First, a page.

Trading the Fannie-Freddie Bailout

We won’t spend a lot of time gloating about how, yet again, Cramer was right. But for months he’s been calling for Treasury Secretary Henry Paulson to takeover Fannie Mae and Freddie Mac. And that’s just what happened this weekend.

Some key parts of the deal: Washington put the two mortgage companies into a government conservatorship and replaced Fannie CEO Daniel Mudd and Freddie CEO David Moffett. Washington will also purchase the agencies’ mortgage-backed securities, injecting new cash in the mortgage market. But probably most importantly, all of the bad loans hurting Fannie and Freddie now have government backing.

Cramer sees the deal as crucial for three reasons: There will be more money for mortgages at cheaper prices. The rate of foreclosures should slow. And Cramer’s “more certain than ever” that his call on the housing bottom – for the third quarter of 2009 – will be right.

Finally, the house-price depreciation that’s been plaguing the market should come to a halt. Since 2005, double-digit declines in home values have led to mortgages that were worth more than the house to which they were attached. So it made sense for owners to just walk away. Those foreclosures in turn lead to lower home values and still more foreclosures. But with the government now backing up our mortgages, virtually anything – reduced payments, extended terms – can be done to keep people in their homes. Now foreclosures should come down and owners will owe less on their homes.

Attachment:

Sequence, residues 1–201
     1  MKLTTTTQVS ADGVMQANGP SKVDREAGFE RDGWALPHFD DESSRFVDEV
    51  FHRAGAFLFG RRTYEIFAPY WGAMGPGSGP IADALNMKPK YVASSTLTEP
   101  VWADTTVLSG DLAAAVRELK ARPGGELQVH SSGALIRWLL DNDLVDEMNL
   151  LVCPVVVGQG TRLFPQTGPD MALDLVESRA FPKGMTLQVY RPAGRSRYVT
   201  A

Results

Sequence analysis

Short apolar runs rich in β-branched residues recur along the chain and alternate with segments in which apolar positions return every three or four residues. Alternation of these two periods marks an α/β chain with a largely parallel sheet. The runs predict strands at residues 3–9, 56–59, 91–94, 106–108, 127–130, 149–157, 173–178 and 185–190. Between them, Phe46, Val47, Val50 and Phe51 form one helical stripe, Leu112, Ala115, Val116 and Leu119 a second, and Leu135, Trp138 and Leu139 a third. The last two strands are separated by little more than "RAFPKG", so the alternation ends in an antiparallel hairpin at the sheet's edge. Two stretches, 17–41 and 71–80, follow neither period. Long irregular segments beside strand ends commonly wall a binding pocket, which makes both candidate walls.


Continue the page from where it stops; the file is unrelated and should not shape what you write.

Mortgage rates on the whole will come down, too. Fannie and Freddie had been keeping rates artificially high, Cramer said, because they were having trouble selling their mortgage-backed paper. Potential buyers didn’t trust it – until the government stepped in. With interest rates down, homes cheaper now than before the boom, the recent housing legislation and 60% decline in homebuilding from two years ago, there’s now incentive for buyers to work their way back into the market.

Now that the bad loans are being taken care of, banks like Wachovia, Bank of America, Wells Fargo and Washington Mutual can find their footing. They’ll finally start to enjoy the profit spread between what they pay you for interest on your savings account and what they charge you for other loans.

Cramer said these developments, in addition to a decline in energy prices, could lead us out of this bear market.

So how do you play it? Cramer recommended his Fortress Four banks: Wells Fargo, Bank of America, US Bancorp and JPMorgan Chase. Plus, he added Wachovia, on the strength of CEO Bob Steel, to make it a Fortress Five. All these banks are in position to go higher now that the Fannie-Freddie problem has been solved.

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